Key moments in Virginia’s effort to reform mental health care

Nov. 19, 2013 Austin “Gus” Deeds, 24, attacks his father, state Sen. R. Creigh Deeds (D-Charlottesville) and then kills himself after a local community service board worker was unable to get him emergency treatment.

March 2014 Deeds leads the new Joint Subcommittee to Study Mental Health Services in the Commonwealth in the 21st Century, later the Behavioral Health Commission.

April 28, 2014 Then Gov. Terry McAuliffe (D) signs into law changes proposed by Deeds. The changes include requiring that state hospitals provide a “bed of last resort” to people court-ordered to treatment and a real-time registry to help identify open psychiatric beds quickly.

Aug. 19, 2015 Jamycheal Mitchel, 24, is found dead in his cell in a jail in the state’s Hampton Roads region. While off his schizophrenia medication, Mitchel was arrested for stealing a Mountain Dew, a Snickers bar and a Zebra Cake totaling $5.05 from a Portsmouth, Va., 7-Eleven. A judge ordered him to a state psychiatric hospital to get help. But he sat in jail for months as he waited for a bed to open and died.

November 2015 Deeds files a wrongful-death lawsuit seeking $6 million. The suit alleges that the state, the Rockbridge Area Community Services Board and a former mental health evaluator exhibited gross negligence and medical malpractice by mishandling a crucial six-hour window for admitting Deeds’s son on Nov. 18, 2013.

2017 Virginia launches the STEP-VA initiative to improve the access, quality and accountability of behavioral health services provided by the community services boards.

May 14, 2018 A Richmond police officer fatally shoots teacher Marcus-David Peters, who was unarmed and in the midst of a mental health crisis, ultimately prompting the city to implement reforms.

Oct. 17, 2018 Deeds settles the wrongful-death lawsuit for $950,000.

2019 Between the 2013 fiscal year and the 2019 fiscal year, the number of state hospital admissions of people court-ordered to treatment increases 389 percent, due to the 2014 bed of last resort law.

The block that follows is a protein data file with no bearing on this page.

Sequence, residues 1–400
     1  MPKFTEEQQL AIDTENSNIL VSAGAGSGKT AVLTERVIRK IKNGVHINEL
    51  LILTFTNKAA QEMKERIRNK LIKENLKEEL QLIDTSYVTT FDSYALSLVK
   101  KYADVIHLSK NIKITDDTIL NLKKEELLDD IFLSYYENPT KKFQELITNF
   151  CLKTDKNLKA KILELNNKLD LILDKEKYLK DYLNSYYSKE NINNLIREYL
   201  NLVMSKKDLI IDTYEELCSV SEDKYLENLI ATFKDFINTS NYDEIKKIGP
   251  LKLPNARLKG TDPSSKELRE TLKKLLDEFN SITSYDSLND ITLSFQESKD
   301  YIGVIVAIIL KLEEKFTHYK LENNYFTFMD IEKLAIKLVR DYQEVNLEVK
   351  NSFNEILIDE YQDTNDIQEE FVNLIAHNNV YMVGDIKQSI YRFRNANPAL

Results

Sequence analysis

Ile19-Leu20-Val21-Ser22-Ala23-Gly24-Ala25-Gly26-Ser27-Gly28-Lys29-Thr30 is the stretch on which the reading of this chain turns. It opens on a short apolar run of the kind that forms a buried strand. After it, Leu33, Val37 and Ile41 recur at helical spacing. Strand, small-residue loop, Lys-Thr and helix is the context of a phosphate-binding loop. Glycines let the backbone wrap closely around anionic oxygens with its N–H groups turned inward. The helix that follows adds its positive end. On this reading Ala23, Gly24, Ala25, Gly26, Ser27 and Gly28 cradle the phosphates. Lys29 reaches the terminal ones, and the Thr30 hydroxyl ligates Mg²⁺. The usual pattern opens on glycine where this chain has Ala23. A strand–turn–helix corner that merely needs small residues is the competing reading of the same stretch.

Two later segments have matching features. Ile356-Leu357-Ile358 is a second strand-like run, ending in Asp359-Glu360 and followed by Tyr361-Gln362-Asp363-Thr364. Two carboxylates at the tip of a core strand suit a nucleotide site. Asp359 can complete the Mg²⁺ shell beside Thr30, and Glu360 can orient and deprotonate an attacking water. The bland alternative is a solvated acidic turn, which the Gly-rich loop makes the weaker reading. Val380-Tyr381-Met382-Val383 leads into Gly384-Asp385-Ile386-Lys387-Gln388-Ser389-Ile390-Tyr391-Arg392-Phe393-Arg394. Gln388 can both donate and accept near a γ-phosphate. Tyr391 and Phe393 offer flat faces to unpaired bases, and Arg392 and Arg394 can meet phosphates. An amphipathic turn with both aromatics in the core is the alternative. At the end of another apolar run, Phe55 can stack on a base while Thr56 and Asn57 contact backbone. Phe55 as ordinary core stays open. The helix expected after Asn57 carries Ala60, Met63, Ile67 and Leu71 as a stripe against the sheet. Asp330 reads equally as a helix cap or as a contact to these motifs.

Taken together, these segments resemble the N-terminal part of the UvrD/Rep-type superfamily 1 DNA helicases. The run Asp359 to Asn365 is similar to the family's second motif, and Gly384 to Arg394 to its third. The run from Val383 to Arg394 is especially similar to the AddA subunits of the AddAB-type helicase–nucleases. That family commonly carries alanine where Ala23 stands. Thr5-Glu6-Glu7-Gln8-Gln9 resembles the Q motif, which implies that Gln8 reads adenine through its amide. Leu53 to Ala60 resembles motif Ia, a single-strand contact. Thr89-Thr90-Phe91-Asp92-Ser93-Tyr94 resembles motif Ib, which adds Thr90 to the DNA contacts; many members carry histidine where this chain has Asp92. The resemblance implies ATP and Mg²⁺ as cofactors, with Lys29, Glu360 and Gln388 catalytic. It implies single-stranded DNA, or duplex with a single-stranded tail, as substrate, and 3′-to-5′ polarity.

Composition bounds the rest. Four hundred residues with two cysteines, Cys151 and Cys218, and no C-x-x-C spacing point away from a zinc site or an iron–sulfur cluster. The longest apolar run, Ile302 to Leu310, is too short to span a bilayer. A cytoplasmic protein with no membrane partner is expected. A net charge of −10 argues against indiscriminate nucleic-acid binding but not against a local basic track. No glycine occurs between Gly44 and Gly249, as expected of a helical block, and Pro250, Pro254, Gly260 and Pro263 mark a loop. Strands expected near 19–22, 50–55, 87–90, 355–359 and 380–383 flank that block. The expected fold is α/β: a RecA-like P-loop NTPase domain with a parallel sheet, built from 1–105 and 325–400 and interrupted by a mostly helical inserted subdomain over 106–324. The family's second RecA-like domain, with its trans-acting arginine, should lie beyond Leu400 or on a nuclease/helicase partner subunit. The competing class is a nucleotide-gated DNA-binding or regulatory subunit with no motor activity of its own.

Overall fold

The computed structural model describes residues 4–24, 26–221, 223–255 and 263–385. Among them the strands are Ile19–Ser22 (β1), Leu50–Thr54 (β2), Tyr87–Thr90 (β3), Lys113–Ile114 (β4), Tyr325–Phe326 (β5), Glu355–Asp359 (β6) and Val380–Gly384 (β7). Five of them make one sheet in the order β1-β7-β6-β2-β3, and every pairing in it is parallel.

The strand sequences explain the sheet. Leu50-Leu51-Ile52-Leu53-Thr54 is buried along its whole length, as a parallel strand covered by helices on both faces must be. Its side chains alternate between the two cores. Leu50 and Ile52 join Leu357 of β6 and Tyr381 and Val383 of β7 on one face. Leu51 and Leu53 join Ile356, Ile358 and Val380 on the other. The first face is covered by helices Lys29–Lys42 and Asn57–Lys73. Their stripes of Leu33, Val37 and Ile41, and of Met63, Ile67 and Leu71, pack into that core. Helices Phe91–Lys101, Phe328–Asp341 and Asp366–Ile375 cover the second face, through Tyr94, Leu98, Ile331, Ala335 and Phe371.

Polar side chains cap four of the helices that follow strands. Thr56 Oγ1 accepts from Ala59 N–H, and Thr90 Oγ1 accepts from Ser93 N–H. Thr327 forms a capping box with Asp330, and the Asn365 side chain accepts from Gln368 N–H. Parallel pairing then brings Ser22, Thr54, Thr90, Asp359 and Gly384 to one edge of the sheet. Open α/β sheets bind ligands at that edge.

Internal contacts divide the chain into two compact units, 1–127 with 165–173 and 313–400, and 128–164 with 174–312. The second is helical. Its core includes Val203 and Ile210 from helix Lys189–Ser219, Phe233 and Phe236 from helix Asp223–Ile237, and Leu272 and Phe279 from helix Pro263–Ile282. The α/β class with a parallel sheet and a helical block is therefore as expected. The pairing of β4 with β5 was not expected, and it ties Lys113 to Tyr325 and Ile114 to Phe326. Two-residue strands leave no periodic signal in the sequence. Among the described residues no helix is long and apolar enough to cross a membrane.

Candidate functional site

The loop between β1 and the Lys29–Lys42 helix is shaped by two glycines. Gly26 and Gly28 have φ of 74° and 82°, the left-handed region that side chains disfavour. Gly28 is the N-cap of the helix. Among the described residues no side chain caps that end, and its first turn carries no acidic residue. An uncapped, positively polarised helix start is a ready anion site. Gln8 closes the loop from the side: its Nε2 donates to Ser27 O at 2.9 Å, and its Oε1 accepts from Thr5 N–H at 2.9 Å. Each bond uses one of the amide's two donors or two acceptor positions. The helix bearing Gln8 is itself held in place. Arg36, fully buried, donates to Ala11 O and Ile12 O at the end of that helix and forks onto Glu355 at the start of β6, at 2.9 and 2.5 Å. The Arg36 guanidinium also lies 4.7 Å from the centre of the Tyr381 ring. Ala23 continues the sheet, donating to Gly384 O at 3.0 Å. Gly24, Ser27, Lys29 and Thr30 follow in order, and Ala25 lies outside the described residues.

July 9, 2021 The Department of Behavioral Health and Developmental Services temporarily restricts new admissions at five facilities due to staffing shortages. Hospitals reopened to limited admissions within about six weeks.

July 28, 2021 Then Gov. Ralph Northam (D) proposes spending $485 million on Virginia’s behavioral health system, including funding to alleviate unprecedented staffing shortages in the state’s adult mental health hospitals.

June 30, 2022 Because of staffing shortages, 232 state hospital beds still remain offline due to a lack of sufficient direct care staff to operate them.

Dec. 12, 2022 A state report finds the acute psychiatric bed registry often does not have real-time information and wastes limited staff time and resources.

Dec. 14, 2022 Gov. Glenn Youngkin (R) unveils the “Right Help, Right Now” plan to improve the state’s crisis infrastructure.

March 6, 2023 Irvo Otieno, 28, of Henrico County, Va., dies in Central State Hospital, where he landed while suffering a mental health crisis. Authorities say he was asphyxiated after sheriff’s deputies and hospital workers piled upon him at the hospital in an incident that was caught on video. Six months later, the state agrees to pay $8.5 million to settle a wrongful-death lawsuit his family filed.

Sept. 14, 2023 Youngkin signs the state budget, which includes $200 million to fund reforms, including crisis receiving centers, mobile crisis units, children’s behavioral health services and a pay increase for community service board staff.

Source link

girlfriends having fun with their favorite toy.amateur girls double dong full insertion.
sex tube my golden pussy is not beautiful and.